Is It Safe to Fly? Airlines Adjust in Hopes that Reopened States, Summer Trips Bring Travelers Back

June 1, 2020

As coronavirus lockdown restrictions ease up across the nation while summer approaches, some families suffering from cabin fever are thinking about potential vacations, even if flying will have a different look to it.

The most important question, however, is whether it will be safe to travel by air in the ongoing pandemic.

Domestic flying has not been federally banned, but the demand for travel plummeted after states shuttered businesses and gave stay-at-home orders, prompting some of the nation’s busiest airports to drastically reduce services.

On social media, photos of nearly-empty terminals showed the effects of the pandemic taking hold of the country.

Despite the fact the U.S. hit the grim milestone of 100,000 coronavirus deaths this week, states have begun to reopen their economic activities with strict measures, and airports are formulating their own plans to safely prepare for an influx of travelers.

According to CNBC, the Transportation Security Administration said 348,673 people passed through security checkpoints at airports nationwide last Friday, marking the highest number of passengers in just over two months. The data shows people are willing to fly for leisure, if not, for business.

International travel is still strongly prohibited, as the State Department website shows, leaving folks no choice but to look at domestic destinations for now.

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Data from Expedia shows eight out of 10 most-searched flight destinations last month to travel between July and December were locations in the U.S., as beaches reopened in California and Florida. Orlando topped the list, followed by Honolulu, Las Vegas and Miami. Cancun, Mexico rounded out the top five, but international airports in that country have been suspended or reduced, based on Mexican media reports.

So what will airports and airplanes look like once you travel?

Many airlines have reduced capacity on aircraft, to provide distancing among passengers, and are requiring travelers to wear face coverings and bring along sanitary products.

JetBlue is one of several airlines blocking middle seats on its planes as well as aisle seats on smaller jets but is allowing those traveling together to sit in those seats.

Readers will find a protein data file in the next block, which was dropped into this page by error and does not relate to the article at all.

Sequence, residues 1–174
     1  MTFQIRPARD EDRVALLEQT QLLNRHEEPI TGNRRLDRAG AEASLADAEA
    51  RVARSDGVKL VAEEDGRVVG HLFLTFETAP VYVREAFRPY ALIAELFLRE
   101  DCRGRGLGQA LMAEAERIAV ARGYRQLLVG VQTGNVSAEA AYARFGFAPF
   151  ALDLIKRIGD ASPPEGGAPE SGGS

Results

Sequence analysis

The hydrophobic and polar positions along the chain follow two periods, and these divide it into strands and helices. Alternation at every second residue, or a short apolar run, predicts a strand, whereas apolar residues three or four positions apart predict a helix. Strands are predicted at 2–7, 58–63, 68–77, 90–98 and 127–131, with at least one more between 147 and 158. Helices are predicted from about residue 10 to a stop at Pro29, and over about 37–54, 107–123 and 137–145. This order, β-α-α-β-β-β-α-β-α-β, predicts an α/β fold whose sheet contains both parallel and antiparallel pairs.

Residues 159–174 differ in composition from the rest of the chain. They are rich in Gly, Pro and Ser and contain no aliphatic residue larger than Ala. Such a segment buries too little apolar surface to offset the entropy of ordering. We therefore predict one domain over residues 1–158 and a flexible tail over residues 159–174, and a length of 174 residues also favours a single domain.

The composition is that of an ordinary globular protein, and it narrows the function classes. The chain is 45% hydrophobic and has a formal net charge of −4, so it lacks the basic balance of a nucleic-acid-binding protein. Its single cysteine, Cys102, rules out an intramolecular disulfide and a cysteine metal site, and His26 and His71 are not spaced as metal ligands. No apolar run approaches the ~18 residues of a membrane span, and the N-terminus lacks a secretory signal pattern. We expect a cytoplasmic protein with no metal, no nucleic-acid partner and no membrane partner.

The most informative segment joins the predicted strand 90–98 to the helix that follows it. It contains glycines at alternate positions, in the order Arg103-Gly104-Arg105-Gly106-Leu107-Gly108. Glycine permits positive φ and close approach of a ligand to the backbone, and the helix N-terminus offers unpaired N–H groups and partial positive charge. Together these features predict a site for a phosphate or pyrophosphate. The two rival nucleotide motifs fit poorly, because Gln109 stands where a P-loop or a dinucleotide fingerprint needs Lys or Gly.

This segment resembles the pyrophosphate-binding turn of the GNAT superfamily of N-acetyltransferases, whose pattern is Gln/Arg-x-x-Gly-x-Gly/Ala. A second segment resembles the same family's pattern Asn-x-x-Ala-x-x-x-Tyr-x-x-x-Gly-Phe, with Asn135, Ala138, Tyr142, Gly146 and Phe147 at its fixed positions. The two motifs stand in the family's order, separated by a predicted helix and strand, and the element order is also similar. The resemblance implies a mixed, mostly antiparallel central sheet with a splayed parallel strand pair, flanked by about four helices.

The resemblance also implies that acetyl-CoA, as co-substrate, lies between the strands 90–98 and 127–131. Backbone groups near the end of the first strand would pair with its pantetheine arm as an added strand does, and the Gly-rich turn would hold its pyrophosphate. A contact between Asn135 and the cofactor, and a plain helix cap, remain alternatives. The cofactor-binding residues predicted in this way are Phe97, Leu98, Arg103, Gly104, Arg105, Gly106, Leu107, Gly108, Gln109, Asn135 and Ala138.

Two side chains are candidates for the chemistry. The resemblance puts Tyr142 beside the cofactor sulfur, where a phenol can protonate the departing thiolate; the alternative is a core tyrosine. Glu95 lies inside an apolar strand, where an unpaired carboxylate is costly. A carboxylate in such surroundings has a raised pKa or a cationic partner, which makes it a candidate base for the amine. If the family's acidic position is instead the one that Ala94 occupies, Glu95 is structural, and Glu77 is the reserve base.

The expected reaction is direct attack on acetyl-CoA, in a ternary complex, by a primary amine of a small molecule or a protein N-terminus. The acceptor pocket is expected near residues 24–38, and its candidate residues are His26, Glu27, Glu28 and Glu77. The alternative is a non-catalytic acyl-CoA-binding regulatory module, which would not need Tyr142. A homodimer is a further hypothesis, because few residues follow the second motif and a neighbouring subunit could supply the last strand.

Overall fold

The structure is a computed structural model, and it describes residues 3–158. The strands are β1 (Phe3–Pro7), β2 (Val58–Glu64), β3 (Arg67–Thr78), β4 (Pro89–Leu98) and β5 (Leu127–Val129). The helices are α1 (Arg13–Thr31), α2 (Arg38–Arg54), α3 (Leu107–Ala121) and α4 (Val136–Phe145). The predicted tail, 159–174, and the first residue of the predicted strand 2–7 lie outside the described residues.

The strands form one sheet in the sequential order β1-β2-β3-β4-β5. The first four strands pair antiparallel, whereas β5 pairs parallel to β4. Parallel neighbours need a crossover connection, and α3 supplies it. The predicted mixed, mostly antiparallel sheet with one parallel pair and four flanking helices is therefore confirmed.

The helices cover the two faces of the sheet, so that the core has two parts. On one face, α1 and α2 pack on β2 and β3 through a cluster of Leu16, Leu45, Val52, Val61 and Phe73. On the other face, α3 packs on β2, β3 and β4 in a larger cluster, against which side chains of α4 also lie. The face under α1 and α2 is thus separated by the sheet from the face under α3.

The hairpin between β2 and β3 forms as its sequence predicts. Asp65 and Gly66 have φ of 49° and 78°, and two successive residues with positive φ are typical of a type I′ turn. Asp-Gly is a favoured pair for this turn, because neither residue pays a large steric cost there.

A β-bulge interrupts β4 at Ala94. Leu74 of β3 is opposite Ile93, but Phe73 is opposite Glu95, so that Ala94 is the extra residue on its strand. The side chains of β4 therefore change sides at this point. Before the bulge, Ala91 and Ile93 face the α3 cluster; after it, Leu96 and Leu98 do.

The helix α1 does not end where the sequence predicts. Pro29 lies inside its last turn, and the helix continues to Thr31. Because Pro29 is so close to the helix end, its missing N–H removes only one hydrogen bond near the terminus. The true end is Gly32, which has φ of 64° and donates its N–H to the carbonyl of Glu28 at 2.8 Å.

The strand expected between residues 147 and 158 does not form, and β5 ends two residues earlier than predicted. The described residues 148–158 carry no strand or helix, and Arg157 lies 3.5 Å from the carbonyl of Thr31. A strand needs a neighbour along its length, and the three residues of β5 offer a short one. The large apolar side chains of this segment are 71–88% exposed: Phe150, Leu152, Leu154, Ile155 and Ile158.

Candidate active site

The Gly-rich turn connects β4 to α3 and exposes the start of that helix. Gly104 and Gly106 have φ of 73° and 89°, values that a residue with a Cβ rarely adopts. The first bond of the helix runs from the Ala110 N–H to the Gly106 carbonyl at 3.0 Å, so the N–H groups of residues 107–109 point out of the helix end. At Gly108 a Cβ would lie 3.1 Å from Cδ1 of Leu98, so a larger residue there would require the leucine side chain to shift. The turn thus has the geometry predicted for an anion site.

"We're known for generous legroom and space, and now more than ever, those choosing to travel want as much space as possible," President and Chief Operating Officer Joanna Geraghty said in a recent news release. The seat-distancing program is in place through July 6.

American Airlines said it would distribute face masks, while Delta Airlines plans to give out hand sanitizers to travelers throughout flights. For the most part, all major airlines have similar initiatives and cleaning procedures in place, but customers will still have to play their part.

The Centers for Disease Control and Prevention recommends folks not make any unnecessary travel plans, but should they need to, the agency suggests the following:

Clean your hands often by washing them with soap and water for at least 20 seconds.

Use hand sanitizer that contains at least 60% alcohol if soap and water are not available.

Avoid touching your eyes, nose or mouth.

Avoid close contact with others by keeping six feet of physical distance between.

Wear a face covering in public.

At airports, Transportation Security Administration officials said the screening process will change to minimize handling of documents. TSA has started to implement the changes and more to be implemented at airport checkpoints nationwide by mid-June, officials said.

At the end of the day, the decision to travel will largely come down to individual preference and what government restrictions may or may not be in place," Expedia spokesperson Alexis Tiacoh told NJ Advance Media. “Regardless, everyone should feel secure and comfortable in their choices when it’s OK to get out there again.”

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